Julie Posetti Introduction Over the past decade, the appropriateness of traditional clothing worn by some Muslim women, particularly the head covering known as the hijab, has been the focus of often fierce media debates. The hijab debate has come to symbolise the clash of cultures fanned by links between Islamic extremism and 21st century terrorism. While in several Islamic states such as Saudi Arabia, Afghanistan and Iran, the full covering, known as the chador or burqa, has been mandatory, a backlash against Muslim culture has seen such clothing banned, along with the much more common hijab, in the interests of secularism. In this context, Muslim women are portrayed by the Western media either as veiled victims in need of liberation in foreign lands because of a lack of free choice, or a threat to the Western societies in which they reside because of their choice to adopt traditional Islamic dress. The hijab is essentially a scarf-like piece of cloth worn by Muslim women in some Islamic cultures to cover the hair as an expression of piety, based on interpretations of Qur’anic directives for modesty. It has been branded a threat to the notion of the separation between church and state and banned in schools and government institutions in some secular states, including Germany, France and Turkey, as a form of inappropriate religious identification. It has divided the feminist movement with conflicting claims that it is a symbol of both oppression and freedom of expression. It’s seen as an act of non-conformity and defiance by conservative Western political opponents and even portrayed as a terrorist threat in itself because of its potential use by suicide bombers to disguise their intentions. The coverage of these debates – which have become front-page news and have dominated talkback radio whenever they arise - has in turn sparked controversy about racism and ignorance within the media. In the Australian context, news stories about the hijab have been triggered by politicians bringing the matter into the public arena, by the actions of schools or community organisations which have sought to regulate the wearing of the hijab, through the demonisation of Muslim women by talkback radio hosts and by the vilification of Muslim women following terrorist attacks such as those in the US, Bali and London. There was also the anomalous personification of the debate in the form of MichelleLeslie, a swimwear model who claimed to be a Muslim convert and temporarily adopted traditional Muslim dress including the hijab and cover-all burqa after being charged with drug possession in Bali.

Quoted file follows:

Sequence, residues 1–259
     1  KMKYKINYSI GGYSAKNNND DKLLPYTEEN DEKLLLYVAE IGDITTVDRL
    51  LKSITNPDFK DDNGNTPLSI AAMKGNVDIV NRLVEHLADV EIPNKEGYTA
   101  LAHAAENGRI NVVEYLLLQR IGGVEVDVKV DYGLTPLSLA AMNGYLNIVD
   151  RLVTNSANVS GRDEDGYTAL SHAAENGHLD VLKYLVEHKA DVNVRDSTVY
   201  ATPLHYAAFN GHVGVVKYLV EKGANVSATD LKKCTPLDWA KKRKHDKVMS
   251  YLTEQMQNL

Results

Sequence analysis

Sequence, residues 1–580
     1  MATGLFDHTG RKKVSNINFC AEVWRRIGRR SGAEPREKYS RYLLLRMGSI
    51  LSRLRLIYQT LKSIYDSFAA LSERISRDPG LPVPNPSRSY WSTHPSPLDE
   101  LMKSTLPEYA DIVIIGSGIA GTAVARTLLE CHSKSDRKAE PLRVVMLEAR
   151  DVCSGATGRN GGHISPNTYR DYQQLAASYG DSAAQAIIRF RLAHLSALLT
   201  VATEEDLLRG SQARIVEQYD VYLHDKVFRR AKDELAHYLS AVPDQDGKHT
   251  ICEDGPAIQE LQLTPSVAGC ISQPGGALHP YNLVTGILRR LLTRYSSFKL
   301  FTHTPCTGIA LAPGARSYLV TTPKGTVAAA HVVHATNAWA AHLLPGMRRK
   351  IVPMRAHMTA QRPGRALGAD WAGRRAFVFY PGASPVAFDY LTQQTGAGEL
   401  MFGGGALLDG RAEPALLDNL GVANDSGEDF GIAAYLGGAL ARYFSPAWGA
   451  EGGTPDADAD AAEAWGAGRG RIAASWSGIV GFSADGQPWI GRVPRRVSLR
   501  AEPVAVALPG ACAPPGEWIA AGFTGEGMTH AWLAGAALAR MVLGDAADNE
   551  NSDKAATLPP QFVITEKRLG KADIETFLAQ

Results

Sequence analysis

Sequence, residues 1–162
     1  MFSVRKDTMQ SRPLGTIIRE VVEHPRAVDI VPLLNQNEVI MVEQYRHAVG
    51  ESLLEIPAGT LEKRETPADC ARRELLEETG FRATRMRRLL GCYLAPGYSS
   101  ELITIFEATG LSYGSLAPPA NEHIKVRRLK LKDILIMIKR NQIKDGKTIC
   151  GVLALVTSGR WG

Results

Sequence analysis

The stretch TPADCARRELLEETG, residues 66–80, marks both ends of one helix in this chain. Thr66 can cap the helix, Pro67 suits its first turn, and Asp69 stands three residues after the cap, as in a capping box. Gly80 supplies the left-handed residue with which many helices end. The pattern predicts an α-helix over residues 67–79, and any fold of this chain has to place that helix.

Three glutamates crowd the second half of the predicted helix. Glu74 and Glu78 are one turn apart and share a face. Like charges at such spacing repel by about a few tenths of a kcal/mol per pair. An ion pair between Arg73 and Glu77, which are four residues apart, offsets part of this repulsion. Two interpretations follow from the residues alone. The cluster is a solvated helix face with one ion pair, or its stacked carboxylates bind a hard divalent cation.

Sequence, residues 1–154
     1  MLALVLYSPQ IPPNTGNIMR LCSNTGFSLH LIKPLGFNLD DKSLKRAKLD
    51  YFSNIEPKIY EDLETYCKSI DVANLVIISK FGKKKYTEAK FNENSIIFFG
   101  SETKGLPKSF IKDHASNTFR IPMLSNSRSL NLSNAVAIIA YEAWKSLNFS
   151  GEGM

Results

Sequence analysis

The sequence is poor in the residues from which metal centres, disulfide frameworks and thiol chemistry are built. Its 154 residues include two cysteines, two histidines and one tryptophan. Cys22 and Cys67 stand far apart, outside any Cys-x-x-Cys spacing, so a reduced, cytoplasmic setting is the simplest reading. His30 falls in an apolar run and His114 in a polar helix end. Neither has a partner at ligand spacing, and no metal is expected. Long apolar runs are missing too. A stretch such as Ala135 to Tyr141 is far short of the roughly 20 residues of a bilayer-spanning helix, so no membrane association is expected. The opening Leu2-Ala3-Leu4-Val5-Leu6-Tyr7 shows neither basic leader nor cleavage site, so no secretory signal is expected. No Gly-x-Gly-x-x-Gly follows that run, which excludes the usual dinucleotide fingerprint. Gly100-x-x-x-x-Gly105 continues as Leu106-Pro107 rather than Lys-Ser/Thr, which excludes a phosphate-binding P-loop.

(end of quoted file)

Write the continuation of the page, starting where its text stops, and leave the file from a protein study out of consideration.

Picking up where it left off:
Journalism in Multicultural Australia – Case Study 1: “Media Representations of the Hijab” 2